Now, a few books immediately came to mind when she said this and so I have to respectfully disagree with her position.
- Jennifer Erin Valent‘s Jessilyn Lassiter series: Fireflies in December, Cottonwood Whispers and Catching Moondrops. They are set in 1930s Virginia and each are magnificent books. Award winning books.
- The Dressmaker by Kate Alcott is set in 1912. The main character is a survivor of the Titanic. The local Barnes and Noble store displayed it at the front of the store, which means the publishing company bought the space and really pushed the book.
- Anna Jean Mayhew‘s The Dry Grass of August is set in 1954. Obviously, a publishing company bought it. Kensington to be precise.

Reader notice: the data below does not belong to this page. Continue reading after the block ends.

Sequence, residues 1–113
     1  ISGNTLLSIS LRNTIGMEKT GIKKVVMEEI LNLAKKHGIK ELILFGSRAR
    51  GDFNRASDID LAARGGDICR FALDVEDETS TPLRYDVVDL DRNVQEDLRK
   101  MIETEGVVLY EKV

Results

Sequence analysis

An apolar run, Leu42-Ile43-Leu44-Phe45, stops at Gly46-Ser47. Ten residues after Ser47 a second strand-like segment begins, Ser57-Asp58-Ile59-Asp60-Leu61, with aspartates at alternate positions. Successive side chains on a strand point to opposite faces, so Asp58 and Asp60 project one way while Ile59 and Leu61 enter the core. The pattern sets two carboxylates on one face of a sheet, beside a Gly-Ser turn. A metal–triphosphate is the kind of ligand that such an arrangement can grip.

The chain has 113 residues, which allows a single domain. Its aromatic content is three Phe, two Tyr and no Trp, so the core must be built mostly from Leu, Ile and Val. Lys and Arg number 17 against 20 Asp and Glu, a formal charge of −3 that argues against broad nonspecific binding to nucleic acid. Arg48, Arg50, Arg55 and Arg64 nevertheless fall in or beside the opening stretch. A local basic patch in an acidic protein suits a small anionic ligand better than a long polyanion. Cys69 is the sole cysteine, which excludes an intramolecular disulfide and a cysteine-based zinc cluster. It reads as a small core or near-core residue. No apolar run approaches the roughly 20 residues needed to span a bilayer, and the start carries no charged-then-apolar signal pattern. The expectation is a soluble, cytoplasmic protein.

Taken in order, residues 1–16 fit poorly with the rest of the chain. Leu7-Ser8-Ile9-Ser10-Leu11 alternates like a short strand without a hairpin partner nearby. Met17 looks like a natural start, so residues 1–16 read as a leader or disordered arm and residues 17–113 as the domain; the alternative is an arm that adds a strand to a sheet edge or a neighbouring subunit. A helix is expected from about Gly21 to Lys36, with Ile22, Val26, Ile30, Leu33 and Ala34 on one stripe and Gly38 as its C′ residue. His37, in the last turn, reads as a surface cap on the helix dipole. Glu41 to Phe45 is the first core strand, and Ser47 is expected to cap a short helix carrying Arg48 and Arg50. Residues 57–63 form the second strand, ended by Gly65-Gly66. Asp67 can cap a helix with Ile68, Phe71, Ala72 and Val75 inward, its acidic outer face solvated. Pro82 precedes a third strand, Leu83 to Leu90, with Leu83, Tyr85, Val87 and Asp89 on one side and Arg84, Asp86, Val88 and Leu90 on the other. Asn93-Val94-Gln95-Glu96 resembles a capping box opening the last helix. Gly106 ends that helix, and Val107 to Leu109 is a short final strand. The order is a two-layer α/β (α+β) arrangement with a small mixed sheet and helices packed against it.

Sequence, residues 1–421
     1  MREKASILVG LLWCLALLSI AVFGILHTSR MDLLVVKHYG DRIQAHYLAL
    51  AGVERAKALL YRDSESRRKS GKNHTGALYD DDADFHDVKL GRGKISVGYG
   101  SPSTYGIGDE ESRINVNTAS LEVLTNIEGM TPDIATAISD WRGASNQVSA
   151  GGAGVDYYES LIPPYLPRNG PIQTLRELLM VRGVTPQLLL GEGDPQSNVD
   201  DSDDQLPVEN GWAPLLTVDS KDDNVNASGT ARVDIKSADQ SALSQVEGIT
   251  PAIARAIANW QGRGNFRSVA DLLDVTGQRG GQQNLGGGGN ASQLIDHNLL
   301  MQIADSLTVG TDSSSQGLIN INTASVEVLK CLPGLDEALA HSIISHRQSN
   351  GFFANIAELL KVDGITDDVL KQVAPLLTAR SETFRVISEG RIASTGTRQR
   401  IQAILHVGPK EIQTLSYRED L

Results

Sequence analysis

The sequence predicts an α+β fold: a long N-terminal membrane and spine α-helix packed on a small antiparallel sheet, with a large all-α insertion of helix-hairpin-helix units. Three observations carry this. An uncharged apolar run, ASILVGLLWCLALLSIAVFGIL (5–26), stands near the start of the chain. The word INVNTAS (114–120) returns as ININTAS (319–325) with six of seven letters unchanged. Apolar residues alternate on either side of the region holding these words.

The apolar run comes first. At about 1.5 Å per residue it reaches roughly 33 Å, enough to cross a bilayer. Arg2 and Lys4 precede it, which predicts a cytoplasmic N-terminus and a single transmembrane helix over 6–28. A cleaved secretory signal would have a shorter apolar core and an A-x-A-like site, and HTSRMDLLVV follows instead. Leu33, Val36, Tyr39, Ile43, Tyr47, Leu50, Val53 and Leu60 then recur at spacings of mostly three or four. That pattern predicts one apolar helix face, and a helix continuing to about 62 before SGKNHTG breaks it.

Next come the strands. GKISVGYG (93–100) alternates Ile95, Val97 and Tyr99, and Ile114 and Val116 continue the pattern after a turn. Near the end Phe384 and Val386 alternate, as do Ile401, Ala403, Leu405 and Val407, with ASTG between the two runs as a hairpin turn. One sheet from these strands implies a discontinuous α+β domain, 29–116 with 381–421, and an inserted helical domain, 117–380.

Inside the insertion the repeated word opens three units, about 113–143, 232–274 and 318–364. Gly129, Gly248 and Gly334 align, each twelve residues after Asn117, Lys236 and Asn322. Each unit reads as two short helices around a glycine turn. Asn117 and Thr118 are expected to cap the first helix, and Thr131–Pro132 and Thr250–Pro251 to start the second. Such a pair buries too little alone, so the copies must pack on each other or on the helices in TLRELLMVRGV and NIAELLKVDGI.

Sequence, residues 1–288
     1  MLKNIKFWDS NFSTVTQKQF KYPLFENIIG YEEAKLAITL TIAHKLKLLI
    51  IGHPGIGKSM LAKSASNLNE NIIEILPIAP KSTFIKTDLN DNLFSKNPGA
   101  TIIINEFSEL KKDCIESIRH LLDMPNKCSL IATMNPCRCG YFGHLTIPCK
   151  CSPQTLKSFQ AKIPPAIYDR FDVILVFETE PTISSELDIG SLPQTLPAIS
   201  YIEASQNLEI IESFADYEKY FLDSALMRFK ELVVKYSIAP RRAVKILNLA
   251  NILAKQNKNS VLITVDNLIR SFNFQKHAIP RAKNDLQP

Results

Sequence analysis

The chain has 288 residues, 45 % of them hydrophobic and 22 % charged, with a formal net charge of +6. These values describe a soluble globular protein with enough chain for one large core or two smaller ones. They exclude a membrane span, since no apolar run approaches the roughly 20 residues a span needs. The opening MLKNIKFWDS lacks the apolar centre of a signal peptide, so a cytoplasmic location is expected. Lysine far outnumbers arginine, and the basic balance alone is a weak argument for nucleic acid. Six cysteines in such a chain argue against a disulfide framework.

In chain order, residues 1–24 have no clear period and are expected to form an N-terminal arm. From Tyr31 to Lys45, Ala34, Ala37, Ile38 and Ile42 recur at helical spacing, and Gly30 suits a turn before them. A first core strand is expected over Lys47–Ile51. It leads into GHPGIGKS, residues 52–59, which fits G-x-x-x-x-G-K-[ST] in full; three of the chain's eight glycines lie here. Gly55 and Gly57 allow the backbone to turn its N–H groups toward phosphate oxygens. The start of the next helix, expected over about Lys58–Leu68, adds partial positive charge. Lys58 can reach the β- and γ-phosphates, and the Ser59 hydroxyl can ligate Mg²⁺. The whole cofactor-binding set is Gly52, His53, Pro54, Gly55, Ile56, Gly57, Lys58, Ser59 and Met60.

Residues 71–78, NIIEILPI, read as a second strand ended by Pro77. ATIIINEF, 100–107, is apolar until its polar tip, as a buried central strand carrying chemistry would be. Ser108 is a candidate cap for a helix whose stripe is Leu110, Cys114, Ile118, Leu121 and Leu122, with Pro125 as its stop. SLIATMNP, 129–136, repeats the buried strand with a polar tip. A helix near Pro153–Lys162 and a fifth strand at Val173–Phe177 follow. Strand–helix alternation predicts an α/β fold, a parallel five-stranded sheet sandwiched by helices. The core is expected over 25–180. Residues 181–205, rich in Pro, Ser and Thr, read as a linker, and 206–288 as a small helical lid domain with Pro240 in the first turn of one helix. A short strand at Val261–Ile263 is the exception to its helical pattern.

- The Great War books by Maureen Lang were all set during WWI. The Wings of Glory series by Sarah Sundin – WWII. Tricia Goyer‘s Songbird Under a German Moon – set in post WWII.
The list goes on, but I think you know what I’m getting at.
If you have an idea for a book and it’s set in what Ms. Weiner calls “No Man’s Land,” don’t let that stop you. Write that novel. Shop it around. There are no RULES for acceptable time periods. If you have a story to tell, tell it. Polish it. Make it shine. Someone will see its potential.
If there’s one thing I’ve learned in the past few years it’s be true to yourself. I hope you’ll follow that advice.